HC Deb 18 February 1886 vol 302 cc588-9

asked the Chief Secretary to the Lord Lieutenant of Ireland, Whether his attention has been called to the representations made by the Catholic Chaplain in Mountjoy Convict Prison, and published in the last Report of the General Prisons Board, with regard to the punishments inflicted in that prison; and, whether it is a fact that men, the majority of them weak in body as well as in mind, sometimes to the number of twelve or fourteen at a time, are chained at the right wrist and the right ankle with a chain varying in weight from five to ten pounds, and sometimes so kept day and night, without intermission, for months?


I have seen the chaplain's letter referred to in the Question, and have been furnished with a Report from the General Prisons Board, from which it appears that the mechanical restraint of a chain is adopted in the case of certain refractory convicts, and it is used in England as well as in Ireland. It is regarded as of a more humane character than the alternative of separate confinement, as it permits of dangerous prisoners taking exercise and being employed in public work. It is never applied until after medical examination; and. prisoners wearing it are put under periodical report with a view to its removal as soon as safety permits. The Medical Officer of Mountjoy Prison states that— In no case has he or would he certify a prisoner to be fit for such restraint if he were weak in body or mind. If the hon. Member will kindly look at Appendix 31 of the Board's Annual Report he will see that particulars are published of all cases in which convict prisoners have been placed under this or other restraints. I should add that the heaviest chain applied is stated to weigh only 4½lbs., while a lighter one is generally used; and that, at the present moment, out of 698 male convicts in Mountjoy Prison, only three are wearing chains.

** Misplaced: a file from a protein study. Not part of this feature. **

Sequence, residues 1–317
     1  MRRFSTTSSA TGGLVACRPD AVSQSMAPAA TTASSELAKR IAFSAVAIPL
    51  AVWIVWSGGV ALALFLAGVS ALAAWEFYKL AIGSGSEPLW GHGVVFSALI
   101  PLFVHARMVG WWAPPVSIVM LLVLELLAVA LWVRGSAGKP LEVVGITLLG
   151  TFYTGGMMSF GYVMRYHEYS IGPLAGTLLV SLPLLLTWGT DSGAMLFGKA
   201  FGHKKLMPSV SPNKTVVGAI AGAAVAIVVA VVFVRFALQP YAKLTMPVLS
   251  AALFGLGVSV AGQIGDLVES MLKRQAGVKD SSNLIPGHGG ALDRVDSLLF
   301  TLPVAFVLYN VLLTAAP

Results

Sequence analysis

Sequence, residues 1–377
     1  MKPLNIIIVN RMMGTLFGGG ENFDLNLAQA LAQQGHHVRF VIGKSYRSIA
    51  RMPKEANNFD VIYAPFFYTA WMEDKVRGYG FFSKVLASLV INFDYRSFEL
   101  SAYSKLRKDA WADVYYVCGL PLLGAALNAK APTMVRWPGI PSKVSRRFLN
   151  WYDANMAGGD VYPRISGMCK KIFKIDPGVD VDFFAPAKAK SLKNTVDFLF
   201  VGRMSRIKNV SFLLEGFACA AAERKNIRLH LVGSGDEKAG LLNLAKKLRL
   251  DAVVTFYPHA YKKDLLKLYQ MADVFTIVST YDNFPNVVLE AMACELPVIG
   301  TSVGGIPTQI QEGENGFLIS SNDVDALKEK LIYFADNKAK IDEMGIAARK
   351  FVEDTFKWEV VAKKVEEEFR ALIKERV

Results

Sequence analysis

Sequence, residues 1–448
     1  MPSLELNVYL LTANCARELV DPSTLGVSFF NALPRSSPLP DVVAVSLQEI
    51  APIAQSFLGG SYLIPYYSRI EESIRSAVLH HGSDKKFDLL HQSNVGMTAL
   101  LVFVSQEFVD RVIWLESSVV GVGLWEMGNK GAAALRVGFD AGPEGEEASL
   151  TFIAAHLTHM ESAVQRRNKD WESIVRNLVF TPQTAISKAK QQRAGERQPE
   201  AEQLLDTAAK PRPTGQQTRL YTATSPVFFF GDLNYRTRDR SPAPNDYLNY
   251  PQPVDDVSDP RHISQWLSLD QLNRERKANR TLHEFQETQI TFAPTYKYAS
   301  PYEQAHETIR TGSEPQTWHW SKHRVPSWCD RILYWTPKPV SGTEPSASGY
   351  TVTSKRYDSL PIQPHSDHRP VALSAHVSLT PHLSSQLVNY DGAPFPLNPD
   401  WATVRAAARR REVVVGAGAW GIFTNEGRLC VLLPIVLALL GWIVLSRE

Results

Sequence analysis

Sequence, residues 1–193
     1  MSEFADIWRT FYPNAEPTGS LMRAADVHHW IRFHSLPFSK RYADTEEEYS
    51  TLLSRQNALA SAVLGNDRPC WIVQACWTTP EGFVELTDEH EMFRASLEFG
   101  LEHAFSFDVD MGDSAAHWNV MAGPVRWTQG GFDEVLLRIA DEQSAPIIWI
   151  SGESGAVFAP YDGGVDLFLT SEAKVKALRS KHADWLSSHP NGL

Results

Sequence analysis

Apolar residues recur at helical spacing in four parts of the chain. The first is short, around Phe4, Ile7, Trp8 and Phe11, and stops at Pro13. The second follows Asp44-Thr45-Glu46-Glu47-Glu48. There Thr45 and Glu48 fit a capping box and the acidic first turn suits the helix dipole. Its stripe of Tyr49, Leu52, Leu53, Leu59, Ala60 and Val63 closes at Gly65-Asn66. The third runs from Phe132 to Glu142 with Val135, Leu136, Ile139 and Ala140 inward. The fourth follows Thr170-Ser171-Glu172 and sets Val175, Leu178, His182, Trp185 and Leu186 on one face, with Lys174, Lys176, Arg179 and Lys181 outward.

said, he would ask the right hon. Gentleman to read, on this question, the Report of the Royal Commission which reported a few years ago.